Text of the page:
Mar 11 • 29M

The Opioid Crisis

Speaker: Gerald Posner

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Larry Bernstein

Welcome to What Happens Next. My name is Larry Bernstein. What Happens Next is a podcast which covers economics, finance, politics, and science.

This week’s topic is the Opioid Crisis.

Our speaker today is Gerald Posner who wrote the book Pharma: Greed, Lies and the Poisoning of America.  Gerald will speak about the conflict that pharmaceutical firms face with their desire for advancing public health and their profit motive.

We will also discuss the advancement of pain management care, fears of addiction, and the success and failures of OxyContin. 

There is much to cover so buckle up.

I make this podcast to learn, and I offer it free of charge. If you enjoy today’s podcast, please subscribe from our website for weekly emails so that you can continue to enjoy this content. 

Let’s begin with Gerald’s opening remarks.

Gerald Posner

Topic: Advancing public health
Bio: Author and investigative journalist
Reading: Pharma: Greed, Lies and the Poisoning of America is here


Gerald Posner:

When I first thought about a book about the drug industry, I did not expect to start in the middle of the 19th century. That's when a lot of the companies that we know today, like Charles Pfizer and sons and Charles Squibb and others started their companies.

There wasn't a lot going on in the drug business in the early 1900s. They had had a series of so-called patent drugs that had addictive products because they were running codeine and heroin. But when that was all banned in 1914, pharma had a look for a new product. They did discover insulin in 1922. But for a while, it was an industry without a product. It got the product in World War II with penicillin, one of the greatest discoveries in human history. That revolutionized the industry. What emerges after World War II is the German drug industry, which had been the leaders in the world for producing drugs, were decimated.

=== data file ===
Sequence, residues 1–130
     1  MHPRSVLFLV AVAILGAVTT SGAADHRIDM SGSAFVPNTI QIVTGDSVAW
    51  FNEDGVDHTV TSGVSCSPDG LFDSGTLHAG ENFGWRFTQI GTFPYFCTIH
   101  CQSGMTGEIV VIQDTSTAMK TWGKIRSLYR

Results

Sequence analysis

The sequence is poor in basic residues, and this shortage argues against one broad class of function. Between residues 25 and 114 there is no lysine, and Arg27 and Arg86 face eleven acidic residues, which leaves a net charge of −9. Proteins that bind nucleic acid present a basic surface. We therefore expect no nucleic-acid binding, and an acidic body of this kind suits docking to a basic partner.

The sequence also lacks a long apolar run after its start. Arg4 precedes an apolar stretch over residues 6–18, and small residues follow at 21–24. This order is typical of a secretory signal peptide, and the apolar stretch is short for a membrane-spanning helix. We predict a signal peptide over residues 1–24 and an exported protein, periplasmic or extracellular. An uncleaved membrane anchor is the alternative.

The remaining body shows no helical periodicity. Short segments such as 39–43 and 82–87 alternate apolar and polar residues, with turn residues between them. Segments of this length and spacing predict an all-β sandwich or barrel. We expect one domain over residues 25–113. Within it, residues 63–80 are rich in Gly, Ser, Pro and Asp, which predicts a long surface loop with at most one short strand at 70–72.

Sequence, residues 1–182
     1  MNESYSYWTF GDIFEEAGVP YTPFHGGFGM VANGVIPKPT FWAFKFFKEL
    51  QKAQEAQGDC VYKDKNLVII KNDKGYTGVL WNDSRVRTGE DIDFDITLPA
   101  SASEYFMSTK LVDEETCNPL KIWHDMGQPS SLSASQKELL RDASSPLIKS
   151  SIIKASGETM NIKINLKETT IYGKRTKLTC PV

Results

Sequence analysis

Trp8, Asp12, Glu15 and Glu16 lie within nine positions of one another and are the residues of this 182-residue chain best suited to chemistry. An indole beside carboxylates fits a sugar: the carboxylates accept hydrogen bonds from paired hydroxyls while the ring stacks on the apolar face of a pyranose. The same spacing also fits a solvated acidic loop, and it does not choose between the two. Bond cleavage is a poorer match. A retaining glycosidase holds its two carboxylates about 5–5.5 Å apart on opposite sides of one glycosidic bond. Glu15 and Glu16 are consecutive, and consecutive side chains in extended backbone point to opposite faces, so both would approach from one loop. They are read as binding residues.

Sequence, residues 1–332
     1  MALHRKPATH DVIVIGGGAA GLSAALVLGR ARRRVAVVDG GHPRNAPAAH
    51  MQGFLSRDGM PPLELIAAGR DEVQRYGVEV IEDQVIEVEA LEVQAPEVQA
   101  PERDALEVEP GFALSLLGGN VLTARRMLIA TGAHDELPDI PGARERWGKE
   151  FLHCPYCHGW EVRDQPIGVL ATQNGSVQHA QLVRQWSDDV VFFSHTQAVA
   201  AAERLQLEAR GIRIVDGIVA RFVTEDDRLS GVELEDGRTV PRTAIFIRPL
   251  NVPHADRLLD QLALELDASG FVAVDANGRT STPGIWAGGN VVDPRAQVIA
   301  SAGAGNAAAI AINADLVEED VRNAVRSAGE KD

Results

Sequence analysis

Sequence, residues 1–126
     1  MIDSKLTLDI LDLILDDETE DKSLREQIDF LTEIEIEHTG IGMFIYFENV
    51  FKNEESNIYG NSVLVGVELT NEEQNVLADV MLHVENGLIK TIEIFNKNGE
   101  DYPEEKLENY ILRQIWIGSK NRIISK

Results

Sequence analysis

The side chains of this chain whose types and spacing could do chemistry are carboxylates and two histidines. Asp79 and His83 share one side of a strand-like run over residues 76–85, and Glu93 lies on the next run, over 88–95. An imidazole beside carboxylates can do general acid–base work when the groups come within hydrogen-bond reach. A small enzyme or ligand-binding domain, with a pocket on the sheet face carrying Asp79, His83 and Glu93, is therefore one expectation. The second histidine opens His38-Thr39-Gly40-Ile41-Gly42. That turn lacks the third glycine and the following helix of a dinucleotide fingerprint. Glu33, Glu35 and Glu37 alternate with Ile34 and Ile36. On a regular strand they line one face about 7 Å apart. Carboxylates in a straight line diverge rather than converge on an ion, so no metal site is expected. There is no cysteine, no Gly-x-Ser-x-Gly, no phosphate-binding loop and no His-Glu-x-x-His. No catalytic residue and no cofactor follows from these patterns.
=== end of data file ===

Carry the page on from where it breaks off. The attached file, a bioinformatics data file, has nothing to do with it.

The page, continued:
The infrastructure was bombed out by the allies in the end of the war and it allowed the American companies who had made penicillin with government assistance to move to the forefront of this new industry into the 1950s, which was the age of antibiotics. That's the story of the modern American drug industry. It takes off from that moment on, and it's this great ride where at times what you find is that the most successful products become so overused because patients become enthusiastic about them. There's a little black market for them, they get abused. Then after years of everybody saying great things about them, they pull back. So that happens over time with Valium and benzodiazepines.

And it happens with methamphetamines and amphetamines. In the 1960s, the country was dotted with 2000 diet centers run by doctors. But after a while they were selling amphetamines on the street. Certainly, happens with opioids later. It happens with SSRIs and antidepressants. This story of the drug industry is great innovation inside the laboratory from scientists who are working on cures and better therapies. And then at the same time, overmarketing from the people in the sales department. What you end up with are big profits, a successful blockbuster drug, but occasionally a trail of patients who are left as victims or with bad side effects. That's the darker side.

I love this history of pharma because it is unlike any other American industry. And in America, it's different than anywhere else in the world because it truly is the only place where capitalism thrives completely. We allow drug companies, for the most part, to set whatever price they want on their product. The market either bears it or not. But that's the way it works in a capitalist system, and I'm a fan of that. Not a fan of high drug prices, a fan of the free market.

Larry Bernstein:

First topic is Botox. It was designed and FDA approved for one purpose and then used for another. Why is that okay?